Yet he said the commission remains concerned about states’ rush to pass new anti-conversion laws, taking their inspiration from a document nearly as old as the Indian government itself. India’s constitution, adopted in 1950, was drafted by B.R. Ambedkar, a Dalit educated at Columbia University and London School of Economics who later converted to Buddhism. The charter provides guarantees and protections including freedom of religion and its propagation.
Just six years later, the government formed a commission, headed by Justice MBS Niyogi, former chief justice of the Nagpur high court, and including a Christian professor, SK George. The commission’s first job was to investigate Christian mission activities, but its report also recommended statutory restrictions against conversion, and has influenced several anti-conversion bills across India.
Some of the commission’s recommendations, long dormant until the rise of the Hindu nationalism, if widely adopted would leave Christians occupying the slimmest of legal territory within India. One example: “[A]ttempts to convert by … penetrating into the religious conscience of persons for the purpose of consciously altering their faith, should be absolutely prohibited.”
Another recommendation: “[R]ules relating to registration of doctors, nurses and other personnel employed in hospitals should be suitably amended to provide a condition against evangelistic activities during professional service”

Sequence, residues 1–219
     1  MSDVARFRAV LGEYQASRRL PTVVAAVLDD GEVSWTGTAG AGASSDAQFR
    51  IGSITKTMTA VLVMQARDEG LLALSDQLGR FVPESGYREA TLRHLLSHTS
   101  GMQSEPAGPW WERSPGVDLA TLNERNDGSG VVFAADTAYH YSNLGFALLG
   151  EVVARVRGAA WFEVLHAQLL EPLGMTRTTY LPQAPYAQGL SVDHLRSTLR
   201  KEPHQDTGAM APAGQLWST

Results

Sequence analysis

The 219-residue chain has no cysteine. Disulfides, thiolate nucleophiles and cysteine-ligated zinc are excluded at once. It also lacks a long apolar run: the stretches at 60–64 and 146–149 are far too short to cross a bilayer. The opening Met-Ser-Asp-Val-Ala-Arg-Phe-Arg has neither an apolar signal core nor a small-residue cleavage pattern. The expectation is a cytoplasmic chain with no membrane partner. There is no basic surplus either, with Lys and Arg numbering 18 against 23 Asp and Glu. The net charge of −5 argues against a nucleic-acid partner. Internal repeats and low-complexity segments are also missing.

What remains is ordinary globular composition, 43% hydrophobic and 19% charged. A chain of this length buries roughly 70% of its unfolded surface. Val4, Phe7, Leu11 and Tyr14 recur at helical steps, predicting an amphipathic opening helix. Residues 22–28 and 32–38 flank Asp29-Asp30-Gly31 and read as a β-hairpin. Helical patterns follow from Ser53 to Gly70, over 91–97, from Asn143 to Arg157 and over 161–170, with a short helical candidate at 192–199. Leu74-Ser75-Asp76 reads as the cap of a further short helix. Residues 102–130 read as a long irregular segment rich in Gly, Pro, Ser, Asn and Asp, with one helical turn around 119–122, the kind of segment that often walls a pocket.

In other words: Mother Teresa is welcome, a silent servant whose actions spoke louder than any preacher’s words. Anyone who wants to actually speak up about Jesus would have much less room to maneuver. This narrow lifeline in the law, upheld and confirmed by the Himachal Pradesh court last month, is what anyone who is not Hindu must rely upon for protection.
A former Supreme Court judge, K.T. Thomas, speaking at a public lecture in Bangalore in 2007, underscored this note of caution for the minority community, saying “no legislation has imposed any restriction on conversion if it is done by one’s free will.”
In their ruling, Shimla high court judges have gone beyond the usual fusillade of anti-Christian charges against Hindutva ideologues such as the nationalist Bharatiya Janata Party, or BJP. They have shown that the seeds of anti-conversion legislation were not sown just in the recent past. Political leaders of so-called secular parties such as the Congress Party, which prides itself as the savior of minorities, have been equally responsible in fanning the anti-conversion flame over the years.
“The biggest priority for the church leaders is to first understand how the Indian Constitution works and go with its guidelines,” Sangliana said. “All those involved in the work of the gospel must bear in mind the sensitivity of the situation when sharing their message. Free will is the key, not force or inducement, and this is where much teaching and guidance within the community would be required.”
About the author:
Steven David is director of the Centre for Contemporary Issues, a research and advocacy think-tank in Banaglore, India. He was selected by the U.S. State Department for its 2005 International Leadership Program, in which he lectured on contemporary issues at several universities, federal agencies and research institutes across the United States. He was a political journalist in India for more than 20 years.